Now assume we have some function which attempts to approximate the true value function (or in the undiscounted setting).
Note I: is not the true value function. It is only our estimate of it, so . I added in the subscript to indicate that we use a function, such as a neural network, to approximate the value. The weights of the neural network are entirely specified by .
Note II: we also have our policy parameterized by parameters , again typically a neural network. For now, assume that and are separate parameters; the authors mention some enticing future work where one can share parameters and jointly optimize. The combination of and with a policy estimator and a value function estimator is known as the actor-critic model with the policy as the actor and the value function as the critic. (I don’t know why it’s called a “critic” because the value function acts more like an “assistant”.)
Using , we can derive a class of advantage function estimators as follows:
These take on the form of temporal difference estimators where we first estimate the sum of discounted rewards and then we subtract the value function estimate of it. If , meaning that is exact, then all of the above are unbiased estimates for the advantage function. In practice, this will not be the case, since we are not given the value function.
The tradeoff here is that the estimators with small have low variance but high bias, whereas those with large have low bias but high variance. Why? I think of it based on the number of terms. With small , we have fewer terms to sum over (which means low variance). However, the bias is relatively large because it does not make use of extra “exact” information with for . Here’s another way to think of it as emphasized in the paper: is constant among the estimator class, so it does not affect the relative bias or variance among the estimators: differences arise entirely due to the -step returns.
One might wonder, as I originally did, how to make use of the -step returns in practice. In Q-learning, we have to update the parameters (or the “table”) after each current reward, right? The key is to let the agent run for steps, and then update the parameters based on the returns. The reason why we update parameters “immediately” in ordinary Q-learning is simply due to the definition of Q-learning. With longer returns, we have to keep the Q-values fixed until the agent has explored more. This is also emphasized in the A3C paper from DeepMind, where they talk about -step Q-learning.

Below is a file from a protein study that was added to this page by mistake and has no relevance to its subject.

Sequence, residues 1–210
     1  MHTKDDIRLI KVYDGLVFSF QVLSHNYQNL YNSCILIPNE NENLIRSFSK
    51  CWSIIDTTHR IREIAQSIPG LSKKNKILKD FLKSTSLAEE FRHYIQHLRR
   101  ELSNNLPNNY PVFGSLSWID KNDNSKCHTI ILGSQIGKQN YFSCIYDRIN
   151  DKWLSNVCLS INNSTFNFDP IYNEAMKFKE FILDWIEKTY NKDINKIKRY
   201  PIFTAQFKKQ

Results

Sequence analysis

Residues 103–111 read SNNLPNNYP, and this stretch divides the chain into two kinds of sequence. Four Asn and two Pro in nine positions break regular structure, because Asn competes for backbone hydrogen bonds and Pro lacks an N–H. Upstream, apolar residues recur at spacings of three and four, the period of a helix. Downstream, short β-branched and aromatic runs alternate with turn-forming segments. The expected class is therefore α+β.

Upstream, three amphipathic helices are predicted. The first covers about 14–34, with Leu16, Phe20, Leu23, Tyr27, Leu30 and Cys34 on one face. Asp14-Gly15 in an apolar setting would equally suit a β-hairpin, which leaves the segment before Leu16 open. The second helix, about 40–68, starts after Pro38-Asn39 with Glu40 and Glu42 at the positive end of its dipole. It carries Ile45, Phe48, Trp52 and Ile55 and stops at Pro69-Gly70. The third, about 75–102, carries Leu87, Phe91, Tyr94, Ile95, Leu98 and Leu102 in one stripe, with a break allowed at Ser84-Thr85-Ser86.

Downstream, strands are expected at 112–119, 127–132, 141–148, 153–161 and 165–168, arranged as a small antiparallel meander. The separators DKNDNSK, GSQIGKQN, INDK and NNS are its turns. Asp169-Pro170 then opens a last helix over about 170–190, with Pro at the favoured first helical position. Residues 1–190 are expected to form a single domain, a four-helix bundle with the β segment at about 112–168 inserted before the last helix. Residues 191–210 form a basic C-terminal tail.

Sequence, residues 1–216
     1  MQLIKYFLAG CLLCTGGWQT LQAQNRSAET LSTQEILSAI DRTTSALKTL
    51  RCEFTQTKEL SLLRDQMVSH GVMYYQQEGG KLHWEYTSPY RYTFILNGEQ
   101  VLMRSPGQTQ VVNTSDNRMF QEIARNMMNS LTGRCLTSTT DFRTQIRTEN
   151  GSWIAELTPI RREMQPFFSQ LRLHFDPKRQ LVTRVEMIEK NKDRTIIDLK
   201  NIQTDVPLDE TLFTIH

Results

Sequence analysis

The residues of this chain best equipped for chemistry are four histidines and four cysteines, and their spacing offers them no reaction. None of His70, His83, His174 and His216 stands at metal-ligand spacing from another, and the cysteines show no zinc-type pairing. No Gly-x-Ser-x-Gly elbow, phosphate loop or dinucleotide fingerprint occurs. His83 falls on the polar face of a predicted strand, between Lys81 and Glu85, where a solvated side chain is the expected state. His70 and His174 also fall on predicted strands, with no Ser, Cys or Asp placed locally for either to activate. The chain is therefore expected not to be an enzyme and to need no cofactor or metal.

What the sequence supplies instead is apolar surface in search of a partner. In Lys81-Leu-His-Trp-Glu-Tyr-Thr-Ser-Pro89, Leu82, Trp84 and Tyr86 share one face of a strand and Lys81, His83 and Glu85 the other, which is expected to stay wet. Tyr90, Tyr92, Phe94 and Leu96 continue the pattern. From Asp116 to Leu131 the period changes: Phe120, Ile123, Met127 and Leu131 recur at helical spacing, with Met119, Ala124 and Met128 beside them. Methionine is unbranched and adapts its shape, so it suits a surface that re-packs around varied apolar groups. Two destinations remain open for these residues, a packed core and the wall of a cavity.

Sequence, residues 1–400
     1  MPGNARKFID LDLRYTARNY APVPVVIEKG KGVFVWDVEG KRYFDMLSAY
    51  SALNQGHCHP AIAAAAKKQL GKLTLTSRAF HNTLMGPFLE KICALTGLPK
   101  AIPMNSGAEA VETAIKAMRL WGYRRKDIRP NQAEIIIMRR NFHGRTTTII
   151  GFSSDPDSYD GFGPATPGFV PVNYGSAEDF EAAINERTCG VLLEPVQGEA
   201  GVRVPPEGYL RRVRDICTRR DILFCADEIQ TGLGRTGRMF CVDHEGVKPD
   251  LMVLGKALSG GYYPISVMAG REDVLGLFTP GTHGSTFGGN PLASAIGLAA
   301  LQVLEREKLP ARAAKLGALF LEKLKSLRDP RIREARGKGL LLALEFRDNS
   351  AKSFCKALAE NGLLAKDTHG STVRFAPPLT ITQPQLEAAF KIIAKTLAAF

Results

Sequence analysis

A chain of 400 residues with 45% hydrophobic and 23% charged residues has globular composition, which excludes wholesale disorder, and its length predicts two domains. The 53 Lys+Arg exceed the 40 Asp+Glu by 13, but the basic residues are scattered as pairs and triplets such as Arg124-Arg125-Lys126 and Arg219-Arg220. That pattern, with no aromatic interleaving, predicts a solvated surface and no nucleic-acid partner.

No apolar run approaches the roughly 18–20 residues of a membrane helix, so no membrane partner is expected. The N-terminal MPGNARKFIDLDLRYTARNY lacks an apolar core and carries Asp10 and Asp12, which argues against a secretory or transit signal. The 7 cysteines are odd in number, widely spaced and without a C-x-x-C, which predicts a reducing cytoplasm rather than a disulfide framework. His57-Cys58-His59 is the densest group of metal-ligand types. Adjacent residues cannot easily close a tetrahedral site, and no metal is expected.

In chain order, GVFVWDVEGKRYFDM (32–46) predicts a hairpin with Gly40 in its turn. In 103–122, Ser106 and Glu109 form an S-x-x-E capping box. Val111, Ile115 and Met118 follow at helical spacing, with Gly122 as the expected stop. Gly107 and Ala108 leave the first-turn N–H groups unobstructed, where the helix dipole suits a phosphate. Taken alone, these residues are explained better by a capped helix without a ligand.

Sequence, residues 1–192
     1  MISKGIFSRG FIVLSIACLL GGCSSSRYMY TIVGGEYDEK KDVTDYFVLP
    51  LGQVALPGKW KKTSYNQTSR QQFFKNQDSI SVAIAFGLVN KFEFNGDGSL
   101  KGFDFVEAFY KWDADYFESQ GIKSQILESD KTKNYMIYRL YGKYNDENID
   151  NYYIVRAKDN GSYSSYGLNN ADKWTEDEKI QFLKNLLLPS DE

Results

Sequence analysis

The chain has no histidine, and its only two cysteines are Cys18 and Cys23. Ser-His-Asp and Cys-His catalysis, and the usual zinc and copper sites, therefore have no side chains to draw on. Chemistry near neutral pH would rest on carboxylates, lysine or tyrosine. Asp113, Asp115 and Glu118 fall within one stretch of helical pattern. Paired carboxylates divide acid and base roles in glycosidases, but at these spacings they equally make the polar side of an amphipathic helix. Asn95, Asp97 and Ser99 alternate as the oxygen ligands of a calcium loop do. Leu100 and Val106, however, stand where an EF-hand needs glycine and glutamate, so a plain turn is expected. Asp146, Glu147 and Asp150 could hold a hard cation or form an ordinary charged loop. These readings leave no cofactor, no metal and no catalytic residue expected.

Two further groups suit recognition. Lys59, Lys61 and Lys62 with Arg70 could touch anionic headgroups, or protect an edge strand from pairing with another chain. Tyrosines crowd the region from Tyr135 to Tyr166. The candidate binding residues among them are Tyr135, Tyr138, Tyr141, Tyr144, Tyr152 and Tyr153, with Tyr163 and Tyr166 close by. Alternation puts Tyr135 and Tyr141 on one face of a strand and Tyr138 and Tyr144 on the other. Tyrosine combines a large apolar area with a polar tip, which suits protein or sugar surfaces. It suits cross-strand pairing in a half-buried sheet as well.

The Generalized Advantage Estimator
It might not be so clear which of these estimators above is the most useful. How can we compute the bias and variance?
It turns out that it’s better to use all of the estimators, in a clever way. First, define the temporal difference residual . Now, here’s how the Generalized Advantage Estimator is defined:
To derive this, one simply expands the definitions and uses the geometric series formula. The result is interesting to interpret: the exponentially-decayed sum of residual terms.
The above describes the estimator for where adjusting adjusts the bias-variance tradeoff. We usually have due to the number of terms in the summation (more terms usually means higher variance), but the bias relationship is reversed. The other parameter, , also adjusts the bias-variance tradeoff … but for the GAE analysis it seems like the part is more important. Admittedly, it’s a bit confusing why we need to have both and (after all, we can absorb them into one constant, right?) but as you can see, the constants serve different roles in the GAE formula.